Extremes of political theory often do not work in practice. We long ago realized laissez faire capitalism wasn’t practical in real-world applications. It only seems to work in Ayn Rand novels. Communism has been a classic fail. The extremism of anarchy is frightening. And, after over 35 years of Reganomics and the onset of the new tax codes, we finally realize supply side economics (trickle down or Voodoo economics according to George H.W. Bush) do nothing but leave a vast majority of wealth in the care and custody of the already rich.
Today, we are in the process of finding the long-standing Republican mantra of a small federal government (“small enough to drown in a bathtub” according to no-tax guru Grover Norquist), when put into practice, paralyzing.
After Donald Trump took office, he was charged with filling some 4,000 federal government appointments, 1,212 of which require Senate confirmation including Cabinet secretaries and deputies, heads of independent agencies, and ambassadors. Mr. Trump is taking a casual approach to this presidential duty. To date, 14 months into his administration, there are 256 senate-approved positions, more than one in five, that have no one named to them. There have been several nominees who were not qualified and therefore unconfirmable, a cache of temporary nominees who, after 300 days of service, had to step down with no one to take their place, and 30 White House assistants who cannot pass a background check to gain needed security clearance to do their jobs–including a senior adviser who may no longer help with the highly classified Presidential Daily Briefing.
Many Cabinet deputies remain vacant. The State Department is a skeleton. Secretary of State Rex Tillerson has purposely left many positions unfilled and others (e.g. ambassadors to Panama and Mexico) are resigning. Both he and Mr. Trump deem them unnecessary. Mr. Trump goes so far as to dismiss them because policy decisions are his and his alone. That is a mistaken and frightening notion. The West Wing and the Old Executive Office Building provide tons of offices, and blocks and blocks of huge stone buildings are specifically designed to house full Cabinet staffs for the monumental purpose of having scores of learned and qualified people working diligently on the issues influencing government decision making. Diplomats abroad ply foreign policy and communicate between countries. Ambassadorships left empty are missing the intel that is afforded by having a U.S. sanctioned executive assess the climate and intent of foreign governments. Empty commissioner posts are leaving ever changing economic and trade developments uncharted.
Missing assistants and deputies in the Department of the Interior and Homeland Security are not on duty to respond to the next natural disaster. The director in charge of the National Census was fired due to budget shortfalls. The census is due to be taken in 2020 and is a huge administrative challenge taking years of planning and hiring staff to get the constitutionally required activity accomplished. No one is at the helm.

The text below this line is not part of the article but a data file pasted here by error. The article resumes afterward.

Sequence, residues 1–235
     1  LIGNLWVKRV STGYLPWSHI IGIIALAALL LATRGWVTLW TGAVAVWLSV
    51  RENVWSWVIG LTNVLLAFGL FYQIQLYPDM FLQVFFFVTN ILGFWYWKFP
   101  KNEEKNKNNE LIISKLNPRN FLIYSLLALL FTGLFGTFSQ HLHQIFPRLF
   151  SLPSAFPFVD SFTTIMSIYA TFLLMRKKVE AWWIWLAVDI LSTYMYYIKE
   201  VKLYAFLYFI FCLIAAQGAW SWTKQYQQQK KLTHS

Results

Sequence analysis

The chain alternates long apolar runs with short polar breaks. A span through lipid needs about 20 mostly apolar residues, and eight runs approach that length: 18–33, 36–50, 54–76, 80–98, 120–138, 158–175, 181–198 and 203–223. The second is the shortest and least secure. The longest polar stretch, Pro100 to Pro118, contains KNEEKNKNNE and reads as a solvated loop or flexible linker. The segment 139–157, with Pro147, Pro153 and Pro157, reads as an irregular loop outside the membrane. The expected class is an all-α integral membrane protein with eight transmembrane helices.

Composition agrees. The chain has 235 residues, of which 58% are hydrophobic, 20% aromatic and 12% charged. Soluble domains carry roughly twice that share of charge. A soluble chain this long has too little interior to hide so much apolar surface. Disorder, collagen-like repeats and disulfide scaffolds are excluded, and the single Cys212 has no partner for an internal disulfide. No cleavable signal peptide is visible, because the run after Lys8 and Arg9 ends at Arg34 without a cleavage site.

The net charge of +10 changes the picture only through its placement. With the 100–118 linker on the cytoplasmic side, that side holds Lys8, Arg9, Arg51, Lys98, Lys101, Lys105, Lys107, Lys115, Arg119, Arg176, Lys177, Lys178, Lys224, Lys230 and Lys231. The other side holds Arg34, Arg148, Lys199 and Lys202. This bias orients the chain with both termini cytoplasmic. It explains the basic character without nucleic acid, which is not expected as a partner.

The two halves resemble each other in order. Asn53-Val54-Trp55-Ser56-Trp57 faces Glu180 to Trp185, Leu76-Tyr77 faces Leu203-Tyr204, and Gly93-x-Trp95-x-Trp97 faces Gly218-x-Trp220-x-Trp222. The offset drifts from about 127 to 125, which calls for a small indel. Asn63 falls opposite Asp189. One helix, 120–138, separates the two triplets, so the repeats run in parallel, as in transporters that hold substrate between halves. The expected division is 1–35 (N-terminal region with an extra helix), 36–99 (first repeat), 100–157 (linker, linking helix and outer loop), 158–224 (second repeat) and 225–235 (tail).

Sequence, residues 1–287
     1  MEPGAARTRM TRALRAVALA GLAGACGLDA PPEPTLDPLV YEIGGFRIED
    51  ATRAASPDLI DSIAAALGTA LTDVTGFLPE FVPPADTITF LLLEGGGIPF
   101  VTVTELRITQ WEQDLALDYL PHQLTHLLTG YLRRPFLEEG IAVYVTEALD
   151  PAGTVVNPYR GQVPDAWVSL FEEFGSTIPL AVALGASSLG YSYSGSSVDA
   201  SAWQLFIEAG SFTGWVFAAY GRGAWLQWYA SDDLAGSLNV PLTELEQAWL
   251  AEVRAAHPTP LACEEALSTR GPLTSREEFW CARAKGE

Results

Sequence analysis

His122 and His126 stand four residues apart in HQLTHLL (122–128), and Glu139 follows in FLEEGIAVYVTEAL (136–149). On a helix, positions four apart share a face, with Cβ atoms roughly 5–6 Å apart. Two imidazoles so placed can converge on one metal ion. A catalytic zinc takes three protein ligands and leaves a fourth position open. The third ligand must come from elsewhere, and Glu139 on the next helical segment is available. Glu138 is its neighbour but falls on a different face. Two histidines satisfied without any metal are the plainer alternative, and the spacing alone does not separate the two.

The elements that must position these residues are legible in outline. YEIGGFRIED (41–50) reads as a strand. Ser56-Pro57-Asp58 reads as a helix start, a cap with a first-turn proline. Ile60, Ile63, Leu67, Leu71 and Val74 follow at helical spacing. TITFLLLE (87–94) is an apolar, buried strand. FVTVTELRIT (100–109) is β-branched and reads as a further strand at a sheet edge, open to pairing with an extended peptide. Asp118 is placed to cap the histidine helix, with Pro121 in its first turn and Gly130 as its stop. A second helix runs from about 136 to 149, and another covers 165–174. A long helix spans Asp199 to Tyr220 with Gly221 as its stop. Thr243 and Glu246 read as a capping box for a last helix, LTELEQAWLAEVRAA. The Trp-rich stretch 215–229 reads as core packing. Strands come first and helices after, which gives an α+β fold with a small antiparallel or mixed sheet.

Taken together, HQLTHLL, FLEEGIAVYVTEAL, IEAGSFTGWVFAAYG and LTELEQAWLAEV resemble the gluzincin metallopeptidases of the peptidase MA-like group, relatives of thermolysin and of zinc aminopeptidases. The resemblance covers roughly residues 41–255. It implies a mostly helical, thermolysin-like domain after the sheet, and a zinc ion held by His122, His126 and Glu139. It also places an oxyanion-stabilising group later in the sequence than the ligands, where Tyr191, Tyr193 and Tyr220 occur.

All of this by design. The Departments of Education, Energy, and the Environmental Protection Agency are bare bones. The small government philosophy of the Republicans deems these agencies secondary at best and unnecessary in deed. The Secretary of Education never set foot in a public school until after her confirmation and has few deputies to advise her. The Secretary of Energy wanted mightily to profess his disdain for this agency, but was unable to recall the name in a debate, then was unaware that the nuclear arsenal was within his purview when he took over leadership. The budget director has been given double duty to run the Consumer Financial Protection Bureau. He asked for zero dollars in funding and is refocusing the mission statement to better protect the financial institutions the bureau was designed to monitor; ceding the formerly governmental job of protecting consumers from financial sharks to the sharks themselves.
Add to this a White House staff that has installed a revolving door (from Trump Tower?) leading in and out of the building. More than 30 high-level White House staff have been either fired or resigned. I’m not trying to lump the fired or resigned into one category. It is simply impossible to tell why these people are leaving the White House staff due to the lack of accurate communication being delivered to the public. The range of reasons span pleading guilty to federal crimes, indictments, lying to either the president or the public, not showing enough loyalty, or simply wanting out of the constant turmoil created by not having enough staff to keep egregious failures from being an everyday occurrence.
Mr. Trump promised the “best people” were going to fill these slots, but so far, has failed to land more than a handful of highly qualified people to run the Executive Branch of government. Trenchant appointees are turning down the opportunity to serve in record numbers. Mr. Trump has left far too many positions either vacant or staffed with folks who have no experience in the positions they hold. The West Wing is ineffective.
Questions regarding this paralysis are whisk away with the idea that big government is harmful to U.S. ideals. However, the small government mantra is being proven to leave important national issues slipping through the cracks and no new or innovative ideas coming forth to move our country forward.